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September 2007

At Your Service: Atlas Vigilar

SecurityReview ATLAS Vigilar Price: $300,000 to $500,000 for 100-150 NOC/SOC devices The burden on network and security operating center (NOC and SOC) managers grows larger and more complex as they're responsible for managing and maintaining more devices and applications, collecting and analyzing logs for internal operations and regulatory compliance. That doesn't necessarily mean there's a lot of extra help dealing with the workload or applying new skills and expertise. Vigilar decided this was fertile ground for a new package of managed services. Hence ATLAS--taking the burden of the world on their shoulders, get it?--a collection of five new services: asset and license management, technical support, log management, authentication management and systems maintenance. "Internal audit groups are checking on compliance for FFIEC, PCI and SOX. You have a lot of fatigue around buying security appliances and maintenance requirements," says CEO Jim Fox. "You have 30 distinct technologies and the same six people who managed [them] ...

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Features in this issue

  • Rootkit detection and removal know-how

    Get advice on how to detect malware and rootkits and the best ways to achieve rootkit removal and prevent hacker attacks.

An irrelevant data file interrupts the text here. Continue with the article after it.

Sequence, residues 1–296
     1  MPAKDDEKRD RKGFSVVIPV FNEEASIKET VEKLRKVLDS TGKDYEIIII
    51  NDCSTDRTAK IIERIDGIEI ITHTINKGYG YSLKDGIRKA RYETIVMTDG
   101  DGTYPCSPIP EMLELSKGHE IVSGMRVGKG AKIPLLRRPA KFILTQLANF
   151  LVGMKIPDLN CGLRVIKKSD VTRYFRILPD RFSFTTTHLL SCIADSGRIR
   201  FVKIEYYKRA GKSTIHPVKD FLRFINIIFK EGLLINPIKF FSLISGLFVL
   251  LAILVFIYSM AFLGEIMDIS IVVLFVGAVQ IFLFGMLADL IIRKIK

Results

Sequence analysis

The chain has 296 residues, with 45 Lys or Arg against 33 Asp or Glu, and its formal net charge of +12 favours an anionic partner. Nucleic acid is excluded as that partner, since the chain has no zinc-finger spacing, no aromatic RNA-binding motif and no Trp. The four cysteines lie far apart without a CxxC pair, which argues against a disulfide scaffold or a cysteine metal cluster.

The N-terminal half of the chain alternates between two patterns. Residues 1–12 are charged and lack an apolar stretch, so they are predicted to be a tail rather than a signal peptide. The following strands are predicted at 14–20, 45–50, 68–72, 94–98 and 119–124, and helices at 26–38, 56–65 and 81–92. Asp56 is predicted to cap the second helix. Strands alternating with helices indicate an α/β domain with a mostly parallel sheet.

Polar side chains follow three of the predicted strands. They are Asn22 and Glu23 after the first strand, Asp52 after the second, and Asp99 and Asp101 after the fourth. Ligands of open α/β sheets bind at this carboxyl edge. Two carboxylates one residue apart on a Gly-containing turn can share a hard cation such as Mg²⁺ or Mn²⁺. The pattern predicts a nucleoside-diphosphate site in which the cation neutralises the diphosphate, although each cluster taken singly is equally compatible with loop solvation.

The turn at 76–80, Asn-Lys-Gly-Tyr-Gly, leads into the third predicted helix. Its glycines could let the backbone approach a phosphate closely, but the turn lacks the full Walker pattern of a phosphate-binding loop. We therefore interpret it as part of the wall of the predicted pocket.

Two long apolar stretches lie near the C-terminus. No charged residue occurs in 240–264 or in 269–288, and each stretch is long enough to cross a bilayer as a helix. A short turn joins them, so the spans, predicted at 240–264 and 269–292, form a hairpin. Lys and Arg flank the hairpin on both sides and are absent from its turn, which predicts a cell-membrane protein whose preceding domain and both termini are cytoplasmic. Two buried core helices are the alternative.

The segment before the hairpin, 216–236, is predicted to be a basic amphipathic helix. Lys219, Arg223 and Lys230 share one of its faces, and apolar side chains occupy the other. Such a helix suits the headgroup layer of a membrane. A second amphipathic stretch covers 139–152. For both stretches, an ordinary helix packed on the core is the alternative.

• What CISOs need to know about computer forensics

    With computer forensics needed for civil litigation, human resources investigations and criminal cases, organizations need to ensure they're prepared and evidence is preserved. This feature details steps involved in computer forensics, common missteps, and forensics resources.

  • Logical, physical security integration challenges

    Integrating physical and IT security can reap considerable benefits for an organization, including enhanced efficiency and compliance plus improved security. But convergence isn't easy. Challenges include bringing the physical and IT security teams together, combining heterogenous systems, and upgrading a patchwork of physical access systems.

  • Consolidation's impact on best-of-breed security

    Standalone security vendors are attractive targets for large infrastructure players such as EMC. This feature looks at the consolidation in the security market and the potential for best-of-breed security to eventually disolve into a mashup of suites and services by big vendors like EMC, IBM, Microsoft, and HP.

  • SIM and NBA product combination is powerful

    The recent announcement that Mazu Networks, a provider of network-based analysis (NBA) tools, and eIQnetworks, a supplier of SIM products, underscores the trend towards convergence in the NBA and SIM markets. The value proposition is clear: two useful network/security data analysis tools in one integrated package.

  • Intrusion Prevention: Stonesoft's SGI-2000S IPS

    SGI-2000S IPS

Columns in this issue

SearchCloudSecurity

SearchNetworking

SearchCIO

SearchConsumerization

SearchEnterpriseDesktop

SearchCloudComputing

ComputerWeekly

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